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Characteristics I’ve seen in high conflict parent cases.



Characteristics I’ve seen in high conflict parent cases. Not everyone possessed ALL these characteristics but the majority of them will apply. Having one or two of these characteristics does not automatically make you high conflict. If you have other characteristics to add, feel free!


• You are controlling.


• You are possessive. You use the word “my” too much.


• You either cheated on the other parent, abused the other parent, or you have had substance abuse issues. Maybe all 3, but at least 1.


• You fight the other parent’s right to 50/50 parenting time. You believe you are more important and deserve more time. OR you never bothered to attempt any involvement with the other parent at all, or at least for a substantial period of time you interfered in involvement.


• You put the other parent on child support. You DEFINITELY did not calculate your income potential or 50/50 parenting time.


• You sign the children up for sports and activities with no thought as to if the other parent can afford it. You choose, you sign them up, they pay up. Period.

• Your partner is referred to more affectionately to the children than the other parent and/or you have treated your partner as if they ARE the bio parent.

• You dislike the other parent’s partner. You never even gave them a fair chance. In fact, you’ve disliked every partner they’ve had. You’ve probably tried to sabotage or interfere in their time together. Seeing them be affectionate towards eachother or even thinking about them being together makes you very uncomfortable. You have to look away or distract yourself. You are jealous and insecure even if you can’t admit it. You may try to get personal information about their relationship or become upset as they take steps together. If you were honest with yourself, you probably still feel possessive of the other parent as if they are still “yours”. You may either regret breaking up at times OR you don’t want them but you don’t want anyone else to have them either.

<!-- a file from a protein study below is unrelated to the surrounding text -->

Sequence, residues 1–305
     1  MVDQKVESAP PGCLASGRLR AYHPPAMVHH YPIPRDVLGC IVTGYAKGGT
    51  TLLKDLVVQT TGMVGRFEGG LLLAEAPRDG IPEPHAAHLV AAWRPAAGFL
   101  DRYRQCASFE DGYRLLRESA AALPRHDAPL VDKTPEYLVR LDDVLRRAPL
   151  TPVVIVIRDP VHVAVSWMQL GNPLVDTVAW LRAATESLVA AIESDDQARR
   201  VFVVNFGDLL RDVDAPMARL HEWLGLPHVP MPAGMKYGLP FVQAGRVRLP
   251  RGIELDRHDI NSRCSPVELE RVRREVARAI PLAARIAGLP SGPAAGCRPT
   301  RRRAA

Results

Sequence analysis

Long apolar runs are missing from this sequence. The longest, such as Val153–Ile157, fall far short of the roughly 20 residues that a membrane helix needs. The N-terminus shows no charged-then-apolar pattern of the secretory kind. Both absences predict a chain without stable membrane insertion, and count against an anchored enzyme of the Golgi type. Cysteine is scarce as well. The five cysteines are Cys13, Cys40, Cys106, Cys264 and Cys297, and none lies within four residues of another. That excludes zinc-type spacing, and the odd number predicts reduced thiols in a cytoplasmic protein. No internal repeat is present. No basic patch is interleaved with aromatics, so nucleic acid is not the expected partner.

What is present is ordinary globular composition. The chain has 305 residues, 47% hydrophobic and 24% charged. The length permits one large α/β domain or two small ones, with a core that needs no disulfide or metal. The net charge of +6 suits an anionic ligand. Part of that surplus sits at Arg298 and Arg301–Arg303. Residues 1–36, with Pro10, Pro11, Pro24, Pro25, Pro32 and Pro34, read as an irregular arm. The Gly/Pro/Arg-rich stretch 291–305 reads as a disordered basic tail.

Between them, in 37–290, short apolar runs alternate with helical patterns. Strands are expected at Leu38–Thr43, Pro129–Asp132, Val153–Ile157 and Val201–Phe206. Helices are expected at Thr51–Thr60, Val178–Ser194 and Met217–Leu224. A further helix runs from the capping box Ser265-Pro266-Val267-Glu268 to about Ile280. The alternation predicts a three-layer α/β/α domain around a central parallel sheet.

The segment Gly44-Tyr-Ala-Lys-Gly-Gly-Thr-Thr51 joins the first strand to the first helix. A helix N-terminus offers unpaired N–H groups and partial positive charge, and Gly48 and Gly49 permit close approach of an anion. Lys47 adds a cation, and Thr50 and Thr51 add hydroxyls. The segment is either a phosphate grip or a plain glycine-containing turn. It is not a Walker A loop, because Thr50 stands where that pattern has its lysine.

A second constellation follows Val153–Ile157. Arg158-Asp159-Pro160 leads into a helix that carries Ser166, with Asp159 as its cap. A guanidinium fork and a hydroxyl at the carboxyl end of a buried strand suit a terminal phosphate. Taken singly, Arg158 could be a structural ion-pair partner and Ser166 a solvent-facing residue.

• You and/or your partner have had a substantial period of time where you were not employed nor looking for gainful employment. You’ve depended on tax payers and child support to pay your bills. Without these outside sources and only depending on employment income, you would have major financial problems at best, and homelessness at worst. Regardless, you buy things that make you appear successful and independent, even though you aren’t that on your own. You have an image to keep up. It’s ALWAYS about the image. It’s not about needing help that makes someone high conflict. It’s about using that help to try to appear better than others or looking down on those who work their butts off to have less.


• Speaking of image, you are unbelievably dedicated to keeping the facade of happiness, wealth, and selflessness. Behind closed doors, there is reckless fighting, disconnect, control, dependence on other’s money, unhappiness, and boasting on social media anytime you do anything “helpful” because the attention is what you actually value. You need people to believe this facade to pamper your ever so fragile ego. This is narcissism.


• You have tried to control the other parent’s time and parenting choices.


• You believe or behave as if your opinion is more important and valid when it comes to parenting choices and raising the children. You’ve criticized the other parent’s choices. You’ve expected them to follow your lead and do as you do many times.

• You need a lawyer on standby.